Former New Jersey governor Chris Christie won’t be on Maine’s presidential primary ballot in March.

Christie did not appeal a court decision affirming that he didn’t submit enough valid signatures to get on the ballot.

Election 2024 Christie

Republican presidential candidate Chris Christie delivers a speech about drug addiction at Hope on Haven Hill, in Rochester, N.H., last month. Robert F. Bukaty/Associated Press

Christie had the option to appeal the Kennebec County Superior Court’s ruling to the Maine Supreme Judicial Court, but a clerk for the court said Thursday that nothing has been filed.

The deadline to submit an appeal was Dec. 27, a spokesperson for the Maine Department of the Secretary of State said. Christie also has not filed to appear as a write-in on the March 5 presidential primary ballot, spokesperson Emily Cook said.

State statute requires federal, state and county write-in candidates on state ballots to file declarations ahead of an election so that clerks and election officials know who is a serious candidate and which names to count. The deadline to file as a write-in candidate for the presidential primary was Dec. 26.

Christie’s campaign issued a statement Thursday saying “we strongly disagree” with the court’s ruling, but a spokesperson did not answer questions about why Christie didn’t appeal or file as a write-in.


Failure to qualify for the Maine primary ballot isn’t the only problem for Christie, who is trailing in polling and did not qualify for the next Republican presidential primary debate to be hosted by CNN on Wednesday.

Former President Donald Trump continues to lead in polls, but he may be disqualified from the Maine ballot.

Secretary of State Shenna Bellows ruled last week that Trump should be disqualified under Section 3 of the 14th Amendment because of his role in the Jan. 6, 2021, attack on the U.S. Capitol. The Trump campaign has appealed her decision in Kennebec County Superior Court.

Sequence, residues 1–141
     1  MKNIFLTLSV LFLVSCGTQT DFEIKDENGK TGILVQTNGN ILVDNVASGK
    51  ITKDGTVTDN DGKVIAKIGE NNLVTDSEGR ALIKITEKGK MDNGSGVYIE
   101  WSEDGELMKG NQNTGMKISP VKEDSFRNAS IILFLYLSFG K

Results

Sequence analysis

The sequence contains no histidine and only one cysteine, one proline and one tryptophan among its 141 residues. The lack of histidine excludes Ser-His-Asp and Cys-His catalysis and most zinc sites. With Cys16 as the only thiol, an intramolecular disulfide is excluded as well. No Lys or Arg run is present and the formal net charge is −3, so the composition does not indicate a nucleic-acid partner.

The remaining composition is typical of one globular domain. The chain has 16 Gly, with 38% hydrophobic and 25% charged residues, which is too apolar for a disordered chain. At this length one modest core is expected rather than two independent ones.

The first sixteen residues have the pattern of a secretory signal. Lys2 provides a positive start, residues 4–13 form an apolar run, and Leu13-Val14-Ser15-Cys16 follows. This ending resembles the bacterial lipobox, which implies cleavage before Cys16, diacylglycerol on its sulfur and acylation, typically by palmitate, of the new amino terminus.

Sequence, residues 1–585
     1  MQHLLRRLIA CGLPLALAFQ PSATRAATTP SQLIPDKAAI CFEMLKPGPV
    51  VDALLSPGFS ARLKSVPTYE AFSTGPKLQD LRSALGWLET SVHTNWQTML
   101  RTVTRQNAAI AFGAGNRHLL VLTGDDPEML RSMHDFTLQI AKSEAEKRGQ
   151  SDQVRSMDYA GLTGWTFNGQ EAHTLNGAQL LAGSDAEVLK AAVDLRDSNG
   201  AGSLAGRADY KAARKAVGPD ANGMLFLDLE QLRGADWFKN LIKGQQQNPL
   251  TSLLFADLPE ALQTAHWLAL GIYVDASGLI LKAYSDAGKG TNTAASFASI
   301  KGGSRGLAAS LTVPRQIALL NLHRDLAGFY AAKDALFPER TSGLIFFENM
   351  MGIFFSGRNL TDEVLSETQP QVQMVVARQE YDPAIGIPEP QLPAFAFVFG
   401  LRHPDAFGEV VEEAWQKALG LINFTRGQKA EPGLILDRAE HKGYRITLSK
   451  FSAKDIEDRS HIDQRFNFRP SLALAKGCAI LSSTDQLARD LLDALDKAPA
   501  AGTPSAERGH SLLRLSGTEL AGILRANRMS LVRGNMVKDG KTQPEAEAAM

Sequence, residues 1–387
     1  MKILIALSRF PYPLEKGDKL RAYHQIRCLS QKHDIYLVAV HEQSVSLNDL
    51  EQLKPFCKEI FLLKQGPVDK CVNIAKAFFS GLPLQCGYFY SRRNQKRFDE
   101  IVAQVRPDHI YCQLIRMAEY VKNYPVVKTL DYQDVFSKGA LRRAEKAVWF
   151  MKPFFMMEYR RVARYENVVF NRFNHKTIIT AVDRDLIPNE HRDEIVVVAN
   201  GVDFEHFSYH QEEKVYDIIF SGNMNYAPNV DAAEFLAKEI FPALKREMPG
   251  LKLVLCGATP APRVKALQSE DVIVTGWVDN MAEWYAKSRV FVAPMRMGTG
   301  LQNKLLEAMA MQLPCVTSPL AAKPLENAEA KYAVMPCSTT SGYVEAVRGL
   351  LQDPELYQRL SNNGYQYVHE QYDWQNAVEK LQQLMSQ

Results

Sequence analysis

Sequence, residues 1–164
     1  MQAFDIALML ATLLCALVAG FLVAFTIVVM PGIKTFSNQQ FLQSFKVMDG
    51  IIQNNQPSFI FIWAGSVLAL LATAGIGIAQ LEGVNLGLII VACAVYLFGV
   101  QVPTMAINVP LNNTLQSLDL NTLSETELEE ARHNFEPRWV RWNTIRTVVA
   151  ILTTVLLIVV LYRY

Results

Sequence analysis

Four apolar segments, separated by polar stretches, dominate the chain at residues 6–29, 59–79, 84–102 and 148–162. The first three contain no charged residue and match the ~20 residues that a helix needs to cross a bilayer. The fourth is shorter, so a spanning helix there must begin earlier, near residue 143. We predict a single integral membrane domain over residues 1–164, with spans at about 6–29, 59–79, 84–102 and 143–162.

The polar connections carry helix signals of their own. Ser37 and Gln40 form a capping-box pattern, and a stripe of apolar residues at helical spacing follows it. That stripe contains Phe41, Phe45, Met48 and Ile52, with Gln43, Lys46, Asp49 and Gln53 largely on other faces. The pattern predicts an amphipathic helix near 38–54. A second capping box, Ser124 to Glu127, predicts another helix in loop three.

Bellows said last month that Christie had failed to submit the necessary number of certified signatures needed to get on the ballot.

His campaign argued that he had submitted more than the 2,000 signatures needed and that there were procedural issues with the way the signatures were reviewed.

It said the Augusta City Clerk’s office had a rushed process and didn’t verify all the signatures it could have when reviewing petitions the campaign submitted. In addition, the campaign contended that several municipalities had failed to verify valid signatures simply because the signatures were from voters in other communities.


Superior Court Justice Julia Lipez sided with Bellows in her ruling, saying that state statute does not allow a municipal registrar to certify the signatures of voters from other towns and cities, and that the secretary of state’s office had issued clear guidance to candidates about how to gather and submit signatures.

Republicans who qualified for the ballot are Trump, pending his appeal of Bellows’ ruling; North Dakota Gov. Doug Burgum; Ryan Binkley, a Texas businessman and pastor; Florida Gov. Ron DeSantis; former South Carolina Gov. Nikki Haley; and Vivek Ramaswamy, a biotech entrepreneur from Ohio.

Burgum has since announced that he has suspended his campaign and will not appear on the ballot, the secretary of state’s office said.

Democrats will choose between President Biden and U.S. Rep. Dean Phillips of Minnesota in the March 5 primary in Maine. There is also one declared write-in candidate for the Democratic nomination: Stephen Lyons of Damascus, Maryland.

Related Headlines

Only subscribers are eligible to post comments. Please subscribe or login first for digital access. Here’s why.

Use the form below to reset your password. When you've submitted your account email, we will send an email with a reset code.

filed under: